4 out of 4 stars
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War is never pretty, and there are parts of war -- like all of it -- that civilians will never really know. What it takes to be at war, and even more what happens when soldiers return can get caught up in a swirl of imagination, broken memory, and untold tales. Deadly Waters -- The Vietnam Naval War And Its Aftermath by Randy Miller gives the reader a glimpse into the mysteries, politics, loss, and pain of war told through the eyes of many characters we feel we could know just as if they’re our own brother or sister. The love story between Zack and Tally left me emotional and disgusted (at the war’s effect on people’s lives, long after it was over).
What I liked about the book were the factual and believable snippets from the Vietnam War. The war itself, a dark time in America’s history, had an enormous shift on the morality of being patriotic. Miller does an excellent job conveying both sides of the war with characters that come alive and a dialogue that keeps you engaged. The book was easy to read and hard to put down -- a recipe for a great read. Some passages are difficult to get through, like the account between the Hawke and their direct face-off with the enemy, which ended in a total annihilation, or when the “victory” of America on the village resulted in a complete wipe-out of everything alive, including vegetation. If it were only fiction, it might not have been so heart-wrenching. Knowing this story is only an isolated recall of many like them that actually occurred in real life made the truth that much more sobering.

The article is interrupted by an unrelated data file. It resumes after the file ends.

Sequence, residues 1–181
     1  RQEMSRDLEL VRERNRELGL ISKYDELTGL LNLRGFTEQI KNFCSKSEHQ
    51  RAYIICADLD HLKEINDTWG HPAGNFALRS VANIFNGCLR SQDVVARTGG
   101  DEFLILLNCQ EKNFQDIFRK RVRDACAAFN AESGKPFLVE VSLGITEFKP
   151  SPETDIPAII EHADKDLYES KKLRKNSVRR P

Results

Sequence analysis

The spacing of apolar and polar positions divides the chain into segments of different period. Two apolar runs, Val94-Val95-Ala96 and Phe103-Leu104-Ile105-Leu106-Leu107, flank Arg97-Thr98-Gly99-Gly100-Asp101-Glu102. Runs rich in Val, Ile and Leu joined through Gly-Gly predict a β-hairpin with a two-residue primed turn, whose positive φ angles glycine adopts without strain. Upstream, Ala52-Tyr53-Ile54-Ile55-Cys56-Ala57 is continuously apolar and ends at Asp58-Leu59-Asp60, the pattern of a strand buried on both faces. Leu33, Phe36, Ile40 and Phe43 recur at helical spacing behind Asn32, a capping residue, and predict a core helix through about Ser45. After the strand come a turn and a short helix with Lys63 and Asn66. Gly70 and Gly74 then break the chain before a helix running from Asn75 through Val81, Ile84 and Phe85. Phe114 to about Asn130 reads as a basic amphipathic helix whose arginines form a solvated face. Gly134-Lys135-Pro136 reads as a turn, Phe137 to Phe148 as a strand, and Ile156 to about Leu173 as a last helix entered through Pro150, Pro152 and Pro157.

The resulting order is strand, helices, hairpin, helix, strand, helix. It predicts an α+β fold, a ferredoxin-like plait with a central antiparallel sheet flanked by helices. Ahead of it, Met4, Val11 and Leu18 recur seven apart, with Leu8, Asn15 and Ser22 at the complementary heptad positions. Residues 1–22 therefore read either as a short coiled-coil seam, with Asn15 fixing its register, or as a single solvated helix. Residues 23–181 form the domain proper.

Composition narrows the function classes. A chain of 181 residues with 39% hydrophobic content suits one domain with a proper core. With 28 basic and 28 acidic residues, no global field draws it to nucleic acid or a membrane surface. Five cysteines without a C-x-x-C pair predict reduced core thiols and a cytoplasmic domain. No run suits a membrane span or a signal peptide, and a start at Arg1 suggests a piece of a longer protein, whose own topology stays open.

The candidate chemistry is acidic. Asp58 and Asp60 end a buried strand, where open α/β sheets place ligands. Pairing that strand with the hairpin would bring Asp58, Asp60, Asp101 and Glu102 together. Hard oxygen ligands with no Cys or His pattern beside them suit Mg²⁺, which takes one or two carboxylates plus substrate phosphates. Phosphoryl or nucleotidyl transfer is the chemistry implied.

What I liked least about the book wasn’t much, to be honest. It was a fascinating story. I’m glad the love tale between Tally and Zack didn’t end in a fairytale, but was very real and felt accurate. The aftermath of the war is still affecting people today, long after the last defense orders. The call to action in the author’s note is enough to spur anyone with a beating heart into action after reading this story.
This book would be ideal for history lovers, with its factual presence of events surrounding the Vietnam War; fiction lovers, who enjoy getting into a good story, with a solid plot and relatable characters; perhaps also family members of servicemen and women, who may have the opportunity to help war survivors open up about their experiences.
I rate this book 4 out of 4 stars. It’s beautifully written with evidence of professional editing. The grammatical errors were few. Even with the broken dialogue (it added to the appeal of reading Zack’s Vermont accent, for example), the passages weren’t a difficult read.
Deadly Waters: The Vietnam Naval War And Its Aftermath
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